I have noticed that, among ifans, the reaction to “Hyde” has been quite polarized. There are those who
have taste love it, and there are those who don’t. I am among the former, obviously. Now, when it comes to K-Pop, I am not easily impressed (not one word about U-KISS stanning. NOT ONE WORD). But as you can tell, this video impressed the shit out of me. It’s like a checklist of Shit I Love in a K-Pop Boy Band Video.
Shit I Love in a K-Pop Boy Band Video
- The song being any good
- Not looking like it was made on a $20 budget
- And did I mention attractiveness?
This is the kind of thing I would’ve expected out of a veteran boy band from a major company, not some nugus that I hadn’t even bothered with a few months ago (who are named after cold medicine, no less). VIXX have really been bringing it with their past two releases. “On and On” was good, but “Hyde” might be the song and video that vault VIXX out of nugu hell and into the public eye.
The video (and the song’s lyrics) are very dark. Some fans have compared it to the Visual Kei style, and since I know fuck all about Visual Kei, I’m just going to throw that out there for those who do and you can draw your own conclusions. Personally, I’m just a sucker for horror/vampire/zombie/etc. concepts, provided they’re done well (and not some weird halfassed shit). Dark concepts are also a breath of fresh air in a musical genre already overcrowded by aegyo (there is some personal bias here since it is really hard for me to like a cute concept–unless you’re B1A4 or Orange Caramel you’re gonna have to sell the shit out of it) and are the perfect vehicle for the kind of theatricality that I love in pop music (the lack of this kind of theatricality is actually a large part of why I never cared about Western boy bands after the 90s–well, that and the fact that they are extremely facially challenged).
The darkness of this video has garnered some criticism, since it includes violence against women. I seem to recall similar criticisms being leveled at other K-Pop videos including (but not limited to) Tablo’s “Bad.” Personally, I only find the inclusion of such themes problematic if a work of fiction conveys a stated or implicit approval. This is not the case with “Hyde” or with “Bad.” Both videos make it very clear that the violence is, you know, bad (seeing as it’s kind of in the title of one). Contrast that with something like 50 Shades of Grey, which passes off an abusive relationship as part of (an extremely inaccurate portrayal of) the BDSM lifestyle and a “love story.” Don’t believe me? Numerous blogs have dissected these books and can supply the receipts. Here’s two. So yes, there is some violence against the female love interest in “Hyde,” but it’s part of the darkness of the “Hyde” character. The message is not, “Yay! Violence is great y’all! Go out there and try it!” This music video is not reviving stale marriages or introducing lonely housewives to the intoxicating world of inaccurately portrayed BDSM.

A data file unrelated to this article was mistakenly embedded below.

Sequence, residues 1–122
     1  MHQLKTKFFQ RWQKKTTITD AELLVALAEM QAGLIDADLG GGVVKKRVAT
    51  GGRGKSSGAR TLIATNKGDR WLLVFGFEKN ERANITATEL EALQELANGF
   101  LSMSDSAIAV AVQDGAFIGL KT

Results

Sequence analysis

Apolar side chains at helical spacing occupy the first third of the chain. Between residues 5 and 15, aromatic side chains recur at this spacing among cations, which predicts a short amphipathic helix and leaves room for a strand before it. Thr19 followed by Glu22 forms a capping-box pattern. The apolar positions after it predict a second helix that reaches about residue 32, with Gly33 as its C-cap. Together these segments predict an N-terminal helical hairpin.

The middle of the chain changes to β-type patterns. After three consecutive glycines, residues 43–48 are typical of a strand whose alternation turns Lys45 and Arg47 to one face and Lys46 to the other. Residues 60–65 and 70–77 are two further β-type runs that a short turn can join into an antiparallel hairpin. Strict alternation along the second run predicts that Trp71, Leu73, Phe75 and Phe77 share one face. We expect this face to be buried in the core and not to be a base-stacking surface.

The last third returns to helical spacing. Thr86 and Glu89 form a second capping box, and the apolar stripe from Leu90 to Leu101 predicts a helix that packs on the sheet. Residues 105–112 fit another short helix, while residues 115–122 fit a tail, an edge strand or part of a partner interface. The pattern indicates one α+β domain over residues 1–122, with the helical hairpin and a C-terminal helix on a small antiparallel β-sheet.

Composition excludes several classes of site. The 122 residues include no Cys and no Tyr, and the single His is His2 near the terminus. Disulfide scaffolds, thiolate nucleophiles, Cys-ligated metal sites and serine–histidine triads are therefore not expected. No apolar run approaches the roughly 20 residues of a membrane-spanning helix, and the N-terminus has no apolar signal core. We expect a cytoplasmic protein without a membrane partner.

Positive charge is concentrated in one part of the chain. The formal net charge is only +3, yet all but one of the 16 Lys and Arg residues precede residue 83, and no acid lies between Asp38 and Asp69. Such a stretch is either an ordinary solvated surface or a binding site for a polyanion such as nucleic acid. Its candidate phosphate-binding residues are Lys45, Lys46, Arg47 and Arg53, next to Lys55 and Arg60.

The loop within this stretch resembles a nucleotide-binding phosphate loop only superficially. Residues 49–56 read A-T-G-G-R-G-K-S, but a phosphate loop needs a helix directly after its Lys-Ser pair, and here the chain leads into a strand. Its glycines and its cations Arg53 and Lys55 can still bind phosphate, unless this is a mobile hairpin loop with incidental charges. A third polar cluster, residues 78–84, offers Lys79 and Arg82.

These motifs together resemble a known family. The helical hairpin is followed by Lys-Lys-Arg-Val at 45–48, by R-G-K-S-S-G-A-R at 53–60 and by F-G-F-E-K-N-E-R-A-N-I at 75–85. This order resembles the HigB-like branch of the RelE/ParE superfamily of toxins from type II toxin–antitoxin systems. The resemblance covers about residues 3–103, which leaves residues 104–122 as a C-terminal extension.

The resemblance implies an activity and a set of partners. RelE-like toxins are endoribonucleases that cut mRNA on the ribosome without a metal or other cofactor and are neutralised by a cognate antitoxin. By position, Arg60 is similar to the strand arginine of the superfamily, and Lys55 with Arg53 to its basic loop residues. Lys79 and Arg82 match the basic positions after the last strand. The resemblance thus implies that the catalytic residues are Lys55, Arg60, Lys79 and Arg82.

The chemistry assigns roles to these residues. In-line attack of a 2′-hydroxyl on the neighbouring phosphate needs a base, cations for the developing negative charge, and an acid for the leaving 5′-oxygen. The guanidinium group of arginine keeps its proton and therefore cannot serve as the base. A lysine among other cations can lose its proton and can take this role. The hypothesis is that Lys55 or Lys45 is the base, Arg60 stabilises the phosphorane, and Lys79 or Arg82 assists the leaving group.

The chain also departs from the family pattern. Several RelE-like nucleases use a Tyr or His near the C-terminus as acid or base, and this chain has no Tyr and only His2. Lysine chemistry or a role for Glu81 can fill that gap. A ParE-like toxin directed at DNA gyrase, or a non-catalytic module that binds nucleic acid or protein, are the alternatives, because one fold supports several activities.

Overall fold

Although I would gladly let Leo spank me.
Moving on. What impressed me most about the video is that it used very simple sets, and a very simple premise, to great effect. It really doesn’t look that high-budget; it just makes you think it is. A similar feat was accomplished by U-KISS’s “Standing Still,” which makes it even more embarrassing that major companies *cough*SME*cough* are still releasing four or so minutes of weird rooms and flashing lights and calling it a music video. Is it that hard for them to realize that throwing a bunch of flashing lights and bright colors at the screen is not the only way to make a video visually exciting? But then, big companies are probably pretty confident that they don’t need to do anything more creative to sell music (and they would be right). Smaller companies, however, have no laurels to rest on and no established fan base to exploit, so it stands to reason they have to stretch their modest budgets as far as they can.